History projects archive

Glasgow University's Great War: A Centenary Project

Dr Tony Pollard


Like most communities across the UK, our University sacrificed a significant proportion of its membership to the Great War, with 4,506 serving and 761 losing their lives. The university also served as a recruiting ground, via the Officer Training Corps, for young men who were not students, thus making the preparation for war their only experience of Gilmorehill. Women also played significant roles in the medical services and industries like munitions manufacture. It is obvious then that the Great War had a profound impact on the University and its people, and its contribution to the war effort is undoubtedly a subject worthy of study, especially given the forthcoming centenary.

Introducing the Great War Project (film)

Great War Project (film)

Remembering our people

View the University of Glasgow Library’s Flickr set Remembering our people to see how current students, staff and volunteers are engaging with the University’s past.

The Project

The first memorial for those from the University community who served and sacrificed during the Great War was the Memorial Chapel, built in the 1920s, on the interior walls of which are inscribed the names of the 761 alumni and staff who died in that conflict. In 2005 the University Archives put this Roll of the Fallen online along with the names of nearly 4000 more men and women who served and survived. The Roll includes just 300 biographies rather than just names. Given the scale of the sacrifice it would seem essential that further research be undertaken to remember more of our predecessors as individuals (see the University's First World War Roll of Honour and World War One Commemoration).

Whatever the nature of the University’s remembrance during 2014-2018 it is clear that the Roll of Honour will take centre stage. Although 2014 is currently the focus for events across the UK, this project will seek to mark the centenary over four years. However, given that this application is for a one year grant, the project must have the capacity to provide outcomes by the end of 2014 and have in place a legacy which will allow continuation to 2018, even if no further grant funding is forthcoming. The major objectives for 2014 are:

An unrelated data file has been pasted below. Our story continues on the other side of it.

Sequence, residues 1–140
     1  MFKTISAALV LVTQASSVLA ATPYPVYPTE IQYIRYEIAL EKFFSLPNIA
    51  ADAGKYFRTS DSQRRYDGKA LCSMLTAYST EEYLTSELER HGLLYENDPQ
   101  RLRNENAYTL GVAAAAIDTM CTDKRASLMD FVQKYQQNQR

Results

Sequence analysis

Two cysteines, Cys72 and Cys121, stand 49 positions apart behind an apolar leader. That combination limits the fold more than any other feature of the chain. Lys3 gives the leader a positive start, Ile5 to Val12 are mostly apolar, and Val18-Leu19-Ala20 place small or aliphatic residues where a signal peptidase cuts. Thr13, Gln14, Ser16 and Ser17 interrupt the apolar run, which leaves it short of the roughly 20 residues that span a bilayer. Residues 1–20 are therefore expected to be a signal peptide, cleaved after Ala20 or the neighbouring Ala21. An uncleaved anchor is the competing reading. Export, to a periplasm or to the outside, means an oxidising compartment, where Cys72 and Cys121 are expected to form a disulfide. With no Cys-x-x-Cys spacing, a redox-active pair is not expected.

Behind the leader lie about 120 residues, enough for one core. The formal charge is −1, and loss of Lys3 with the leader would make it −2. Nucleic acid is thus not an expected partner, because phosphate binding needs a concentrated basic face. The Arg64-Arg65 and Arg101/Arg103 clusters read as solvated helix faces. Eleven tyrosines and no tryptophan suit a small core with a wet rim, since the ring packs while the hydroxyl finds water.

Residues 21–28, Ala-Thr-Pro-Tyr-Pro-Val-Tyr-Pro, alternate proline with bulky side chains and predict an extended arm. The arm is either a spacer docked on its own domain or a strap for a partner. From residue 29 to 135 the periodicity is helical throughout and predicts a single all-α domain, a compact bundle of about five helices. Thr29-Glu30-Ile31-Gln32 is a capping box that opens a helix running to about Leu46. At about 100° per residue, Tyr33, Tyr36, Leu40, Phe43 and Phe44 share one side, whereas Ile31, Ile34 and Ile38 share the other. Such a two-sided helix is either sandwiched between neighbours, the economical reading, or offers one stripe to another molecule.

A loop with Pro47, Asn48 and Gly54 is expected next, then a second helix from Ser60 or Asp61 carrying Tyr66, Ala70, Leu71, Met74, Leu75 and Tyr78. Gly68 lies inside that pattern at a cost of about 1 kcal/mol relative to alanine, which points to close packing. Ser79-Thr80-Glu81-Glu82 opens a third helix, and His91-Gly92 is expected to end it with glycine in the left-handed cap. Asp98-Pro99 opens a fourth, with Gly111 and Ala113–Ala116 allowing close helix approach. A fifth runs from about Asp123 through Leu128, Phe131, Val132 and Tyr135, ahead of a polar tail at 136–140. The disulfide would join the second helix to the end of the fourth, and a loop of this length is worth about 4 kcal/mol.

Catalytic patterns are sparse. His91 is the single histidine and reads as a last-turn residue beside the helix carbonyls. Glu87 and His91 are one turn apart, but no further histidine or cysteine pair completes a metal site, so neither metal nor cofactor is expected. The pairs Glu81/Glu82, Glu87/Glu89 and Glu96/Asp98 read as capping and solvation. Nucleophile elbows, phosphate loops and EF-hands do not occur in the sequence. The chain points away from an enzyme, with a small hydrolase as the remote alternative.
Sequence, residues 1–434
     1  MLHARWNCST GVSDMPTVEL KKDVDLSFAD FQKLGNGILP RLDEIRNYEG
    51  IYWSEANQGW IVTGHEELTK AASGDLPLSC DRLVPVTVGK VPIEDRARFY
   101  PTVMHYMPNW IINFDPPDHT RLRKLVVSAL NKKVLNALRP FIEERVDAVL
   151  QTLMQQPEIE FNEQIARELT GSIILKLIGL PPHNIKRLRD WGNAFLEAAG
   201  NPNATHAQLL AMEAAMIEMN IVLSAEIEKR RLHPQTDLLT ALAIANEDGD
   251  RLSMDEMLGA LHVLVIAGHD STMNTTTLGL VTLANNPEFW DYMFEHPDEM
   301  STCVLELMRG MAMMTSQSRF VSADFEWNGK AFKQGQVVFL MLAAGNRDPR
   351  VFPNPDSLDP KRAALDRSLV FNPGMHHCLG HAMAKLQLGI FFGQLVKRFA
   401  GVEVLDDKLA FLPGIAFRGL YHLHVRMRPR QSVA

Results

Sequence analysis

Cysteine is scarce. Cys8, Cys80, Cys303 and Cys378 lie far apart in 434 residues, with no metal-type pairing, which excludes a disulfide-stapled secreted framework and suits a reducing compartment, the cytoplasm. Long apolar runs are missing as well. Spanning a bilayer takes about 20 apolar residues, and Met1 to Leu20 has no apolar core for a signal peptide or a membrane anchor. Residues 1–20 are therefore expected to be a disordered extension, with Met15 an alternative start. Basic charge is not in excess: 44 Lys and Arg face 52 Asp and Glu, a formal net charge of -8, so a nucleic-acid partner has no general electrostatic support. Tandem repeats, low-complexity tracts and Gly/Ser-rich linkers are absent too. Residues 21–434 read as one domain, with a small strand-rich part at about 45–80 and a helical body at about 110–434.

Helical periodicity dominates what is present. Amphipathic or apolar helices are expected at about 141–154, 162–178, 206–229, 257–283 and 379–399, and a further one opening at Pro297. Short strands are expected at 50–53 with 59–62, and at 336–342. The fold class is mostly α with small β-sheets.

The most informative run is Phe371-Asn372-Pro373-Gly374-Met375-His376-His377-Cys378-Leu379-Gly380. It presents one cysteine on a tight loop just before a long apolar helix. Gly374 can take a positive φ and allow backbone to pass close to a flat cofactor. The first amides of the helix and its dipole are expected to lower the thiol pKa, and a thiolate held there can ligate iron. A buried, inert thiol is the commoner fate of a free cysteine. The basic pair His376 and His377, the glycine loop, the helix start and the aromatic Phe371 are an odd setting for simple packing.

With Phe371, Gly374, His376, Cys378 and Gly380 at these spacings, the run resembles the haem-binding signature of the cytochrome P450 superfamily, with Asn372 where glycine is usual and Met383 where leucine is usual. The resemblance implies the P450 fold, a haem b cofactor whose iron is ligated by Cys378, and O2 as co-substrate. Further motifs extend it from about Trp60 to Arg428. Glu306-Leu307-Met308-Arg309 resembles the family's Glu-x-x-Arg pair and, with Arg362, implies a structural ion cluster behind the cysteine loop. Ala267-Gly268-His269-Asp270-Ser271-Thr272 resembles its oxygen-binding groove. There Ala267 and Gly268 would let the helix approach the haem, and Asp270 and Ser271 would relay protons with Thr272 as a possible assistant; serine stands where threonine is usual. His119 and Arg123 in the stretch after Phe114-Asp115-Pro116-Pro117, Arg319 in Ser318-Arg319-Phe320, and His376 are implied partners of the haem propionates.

• Assessing the resource and developing research strategies
  • Mapping the war
  • Tweeting the war
  • University Women and War
  • The Medics
  • Medal Winners

Follow the project on Twitter @GlasgowUniWW1 to keep up-to-date on special events and on-going research.

This project is generously supported by the Chancellor's Fund.

LATEST: See the Great War Project Report as of 1 October 2014.

Contact Information

Please address all enquiries in the first instance to Dr Jennifer Novotny (Research Assistant - History).

Principal Investigator: Dr Tony Pollard (Senior Lecturer in History/Battlefield Archaeology).


Mont St Quentin - Historial de la Grande Guerre (Prof Tony Pollard and Dr Iain Banks)

Inventory of Scottish Battlefields Phase 3 - Historic Scotland (Prof Tony Pollard)

Cultural Artefacts, Buildings, Landscapes, and Environments: Scotland (CABLES) - AHRC Skills Development grant (Dr Marina Moskowitz)

Tapestry in the Round: interdisciplinary cross-sector research in Textile History - RSE workshop grant 2012/13 (Professor Graeme Small)

Leverhulme Trust Major Research Fellowship, 2010-2012 (Professor Simon Newman)

The transatlantic slave trade and plantation slavery in the Americas: exploring Scottish connections - Research Workshop Award, Royal Society of Edinburgh, 2009

Pandemics: waves of disease, waves of hatred from the Plague of Athens to AIDS - Wellcome Project Grant, Sept 2011-Aug 2012 (Professor Samuel Cohn)

The Breaking of Britain (joint with King's College London): AHRC major research grant, Sept 2010-Aug 2013.

The Paradox of Medieval Scotland - AHRC major research grant, Sept 2007- Aug 2010 (Professor Dauvit Broun).

Scottish philosophers in seventeenth-century Scotland and France - Leverhulme Trust International Network grant, Sept 2010-Aug 2013 (Professor Alexander Broadie

East Kilbride District Housing Association - University of Glasgow First Steps Award, 2011 (Professor Lynn Abrams)

Scottish masculinity in historical perspective - RSE workshop grant 2010/11 (Professor Lynn Abrams)

The history of lace knitting in Shetland - AHRC Collaborative Doctoral Award, Sept 2010-Aug 2013 (Professor Lynn Abrams)

2012: Hand-Knitted Textiles and the Economies of Craft in Scotland - RSE workshop grant

This project investigates the place and significance of hand-knitted textiles to Scotland’s economy and culture, past, present, and future. We seek to use hand knitting Campaign for wool ‌‌as a case study of the role of craft in linking individual creativity to economic pursuits; local design traditions to national heritage; and domestic economies to the creative economy of Scotland. The workshops will bring together an interdisciplinary network of scholars, practitioners, curators and heritage professionals, and economic and cultural policy professionals in order to assess the needs and opportunities for research on hand knitting. Together this network will examine: the history of hand knitting in Scotland as a cultural and economic practice; the current contribution of hand knitting in local and national contexts; and the ways in which Scotland’s rich heritage of hand-knitted textiles can contribute to other national industries, such as tourism and fashion.

Project's web page

LINKSCH - EU grant (Dr Alex Marshall)

2012: Bridging the Continental divide: neo-Latin and its cultural role in Jacobean Scotland, as seen in the Delitiae Poetarum Scotorum (1637)